William C. Shiel Jr., MD, FACP, FACR
Dr. Shiel received a Bachelor of Science degree with honors from the University of Notre Dame. There he was involved in research in radiation biology and received the Huisking Scholarship. After graduating from St. Louis University School of Medicine, he completed his Internal Medicine residency and Rheumatology fellowship at the University of California, Irvine. He is board-certified in Internal Medicine and Rheumatology.
Jerry R. Balentine, DO, FACEP
Dr. Balentine received his undergraduate degree from McDaniel College in Westminster, Maryland. He attended medical school at the Philadelphia College of Osteopathic Medicine graduating in1983. He completed his internship at St. Joseph's Hospital in Philadelphia and his Emergency Medicine residency at Lincoln Medical and Mental Health Center in the Bronx, where he served as chief resident.
In this Article
- Arthroscopy facts
- What is arthroscopy?
- For what diseases or conditions is arthroscopy considered?
- What is done in preparation for arthroscopy?
- How is arthroscopy performed?
- How long is the recovery time after arthroscopy?
- What are potential complications of arthroscopy?
- What specialties of doctors perform arthroscopy?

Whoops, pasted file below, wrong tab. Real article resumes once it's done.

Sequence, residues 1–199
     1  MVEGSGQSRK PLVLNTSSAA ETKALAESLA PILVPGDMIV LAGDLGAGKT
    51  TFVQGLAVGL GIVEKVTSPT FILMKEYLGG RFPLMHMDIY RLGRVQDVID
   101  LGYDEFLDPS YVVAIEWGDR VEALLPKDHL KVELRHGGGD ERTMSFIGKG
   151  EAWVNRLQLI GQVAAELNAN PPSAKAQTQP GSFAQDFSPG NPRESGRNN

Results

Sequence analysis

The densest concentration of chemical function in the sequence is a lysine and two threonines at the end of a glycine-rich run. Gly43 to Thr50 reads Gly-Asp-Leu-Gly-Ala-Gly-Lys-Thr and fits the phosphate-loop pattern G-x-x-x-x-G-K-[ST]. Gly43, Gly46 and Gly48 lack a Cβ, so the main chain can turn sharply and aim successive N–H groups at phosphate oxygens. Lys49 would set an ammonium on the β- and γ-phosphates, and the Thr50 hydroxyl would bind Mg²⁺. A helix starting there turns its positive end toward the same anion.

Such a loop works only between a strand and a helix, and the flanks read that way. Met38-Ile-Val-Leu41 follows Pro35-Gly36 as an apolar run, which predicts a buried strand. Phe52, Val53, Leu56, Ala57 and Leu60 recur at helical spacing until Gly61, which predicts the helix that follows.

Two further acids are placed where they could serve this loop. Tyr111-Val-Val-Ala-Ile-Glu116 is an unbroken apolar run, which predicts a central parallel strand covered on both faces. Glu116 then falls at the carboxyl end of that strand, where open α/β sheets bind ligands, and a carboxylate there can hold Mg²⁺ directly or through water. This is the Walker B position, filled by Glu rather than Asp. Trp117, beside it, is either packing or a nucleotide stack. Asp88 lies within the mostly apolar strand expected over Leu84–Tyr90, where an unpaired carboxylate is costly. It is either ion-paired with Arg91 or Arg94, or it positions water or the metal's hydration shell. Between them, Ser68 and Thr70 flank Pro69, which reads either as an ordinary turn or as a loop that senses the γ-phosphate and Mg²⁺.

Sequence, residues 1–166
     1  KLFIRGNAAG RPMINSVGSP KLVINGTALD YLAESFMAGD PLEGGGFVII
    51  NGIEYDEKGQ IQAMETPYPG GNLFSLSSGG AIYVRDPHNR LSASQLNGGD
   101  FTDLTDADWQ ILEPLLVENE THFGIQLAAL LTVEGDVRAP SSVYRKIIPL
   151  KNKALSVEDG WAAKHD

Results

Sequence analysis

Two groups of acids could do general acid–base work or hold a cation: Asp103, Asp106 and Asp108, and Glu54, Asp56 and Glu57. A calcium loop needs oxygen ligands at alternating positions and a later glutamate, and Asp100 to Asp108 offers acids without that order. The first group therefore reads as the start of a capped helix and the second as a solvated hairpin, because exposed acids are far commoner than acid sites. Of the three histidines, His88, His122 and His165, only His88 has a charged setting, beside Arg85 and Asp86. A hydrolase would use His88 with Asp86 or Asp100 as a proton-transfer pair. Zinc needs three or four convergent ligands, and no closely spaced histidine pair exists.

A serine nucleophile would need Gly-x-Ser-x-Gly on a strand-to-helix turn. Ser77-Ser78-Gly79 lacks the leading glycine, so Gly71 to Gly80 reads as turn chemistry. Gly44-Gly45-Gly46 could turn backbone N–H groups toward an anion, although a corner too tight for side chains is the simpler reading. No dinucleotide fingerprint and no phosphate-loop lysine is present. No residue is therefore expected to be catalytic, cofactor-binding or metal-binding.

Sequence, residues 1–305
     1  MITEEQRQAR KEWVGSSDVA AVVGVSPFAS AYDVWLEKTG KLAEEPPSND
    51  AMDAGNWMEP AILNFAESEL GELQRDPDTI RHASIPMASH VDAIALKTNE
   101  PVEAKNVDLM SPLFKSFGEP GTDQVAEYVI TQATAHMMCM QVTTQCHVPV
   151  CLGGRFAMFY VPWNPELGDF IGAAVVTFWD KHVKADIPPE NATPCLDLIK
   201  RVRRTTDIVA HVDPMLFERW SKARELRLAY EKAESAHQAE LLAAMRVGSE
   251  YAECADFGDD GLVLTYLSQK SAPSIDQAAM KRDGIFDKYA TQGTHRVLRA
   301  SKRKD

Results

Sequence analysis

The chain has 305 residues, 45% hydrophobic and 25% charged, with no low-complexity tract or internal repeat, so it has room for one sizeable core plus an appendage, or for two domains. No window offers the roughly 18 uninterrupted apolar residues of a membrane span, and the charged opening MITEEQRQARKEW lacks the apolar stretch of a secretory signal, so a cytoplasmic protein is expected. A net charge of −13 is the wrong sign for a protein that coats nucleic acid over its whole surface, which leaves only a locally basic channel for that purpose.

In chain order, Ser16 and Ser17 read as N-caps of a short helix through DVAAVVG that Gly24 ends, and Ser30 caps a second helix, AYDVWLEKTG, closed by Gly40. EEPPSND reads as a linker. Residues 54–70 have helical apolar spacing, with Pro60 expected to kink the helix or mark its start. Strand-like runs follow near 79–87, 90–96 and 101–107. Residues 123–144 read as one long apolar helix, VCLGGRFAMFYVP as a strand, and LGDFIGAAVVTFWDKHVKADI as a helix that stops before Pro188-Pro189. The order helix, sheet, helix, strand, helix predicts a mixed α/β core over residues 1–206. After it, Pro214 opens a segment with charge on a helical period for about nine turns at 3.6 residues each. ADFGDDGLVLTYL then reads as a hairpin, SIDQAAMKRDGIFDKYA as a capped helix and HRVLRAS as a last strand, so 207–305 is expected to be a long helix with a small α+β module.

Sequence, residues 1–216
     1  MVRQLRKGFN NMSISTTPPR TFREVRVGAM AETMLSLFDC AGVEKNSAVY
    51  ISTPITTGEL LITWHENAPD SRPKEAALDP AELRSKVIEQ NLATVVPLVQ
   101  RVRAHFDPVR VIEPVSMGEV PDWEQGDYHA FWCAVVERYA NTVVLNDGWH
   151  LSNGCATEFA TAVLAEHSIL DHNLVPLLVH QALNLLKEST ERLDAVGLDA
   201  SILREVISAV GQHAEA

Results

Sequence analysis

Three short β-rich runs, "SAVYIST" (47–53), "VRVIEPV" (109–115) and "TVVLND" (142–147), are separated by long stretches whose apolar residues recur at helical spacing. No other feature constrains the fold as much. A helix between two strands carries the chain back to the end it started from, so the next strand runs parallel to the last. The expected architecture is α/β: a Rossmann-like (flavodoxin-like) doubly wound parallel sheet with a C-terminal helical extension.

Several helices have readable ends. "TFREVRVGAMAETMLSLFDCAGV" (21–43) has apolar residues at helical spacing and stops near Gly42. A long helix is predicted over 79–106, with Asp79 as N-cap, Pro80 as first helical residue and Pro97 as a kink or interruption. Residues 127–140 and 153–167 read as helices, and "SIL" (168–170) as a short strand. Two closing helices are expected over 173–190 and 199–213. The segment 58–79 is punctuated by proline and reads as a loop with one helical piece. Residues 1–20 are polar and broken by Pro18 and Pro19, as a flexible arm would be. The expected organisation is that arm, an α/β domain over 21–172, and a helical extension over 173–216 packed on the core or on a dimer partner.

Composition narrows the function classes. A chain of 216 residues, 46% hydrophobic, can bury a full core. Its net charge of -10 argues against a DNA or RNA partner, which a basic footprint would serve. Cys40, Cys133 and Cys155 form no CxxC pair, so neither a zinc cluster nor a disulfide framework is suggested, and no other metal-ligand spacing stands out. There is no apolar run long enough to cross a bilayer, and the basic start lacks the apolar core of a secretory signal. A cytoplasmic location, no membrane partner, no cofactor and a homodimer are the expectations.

- Find a local Orthopedic Surgeon in your town
For what diseases or conditions is arthroscopy considered?
Arthroscopy can be helpful in the diagnosis and treatment of many noninflammatory, inflammatory, and infectious types of arthritis as well as various injuries within the joint.
Noninflammatory degenerative arthritis, or osteoarthritis, can be seen using the arthroscope as frayed and irregular cartilage. A new procedure for the treatment of younger patients with an isolated injury to the cartilage covering the bone ends within a joint uses a "paste" of the patient's own cartilage cells. The cells are harvested and grown in the laboratory and are then reimplanted at a later date in the knee with the use of an arthroscope.
In inflammatory arthritis, such as rheumatoid arthritis, some patients with isolated chronic joint swelling can sometimes benefit by arthroscopic removal of the inflamed joint tissue (synovectomy). The tissue lining the joint (synovium) can be biopsied and examined under a microscope to determine the cause of the inflammation and discover infections, such as tuberculosis. Arthroscopy can provide more information in situations which cannot be diagnosed by simply aspirating (withdrawing fluid with a needle) and analyzing the joint fluid.
Common knee joint injuries for which arthroscopy is considered include cartilage tears (meniscus tears), ligament strains and tears, and cartilage deterioration underneath the kneecap (patella). Arthroscopy is commonly used in the evaluation of knees and shoulders but can also be used to examine and treat conditions of the hips, wrist, ankles, feet, spine, and elbows.
Finally, loose tissues, such as chips of bone or cartilage, or foreign objects, such as plant thorns or needles, which become lodged within the joint can be removed with arthroscopy.
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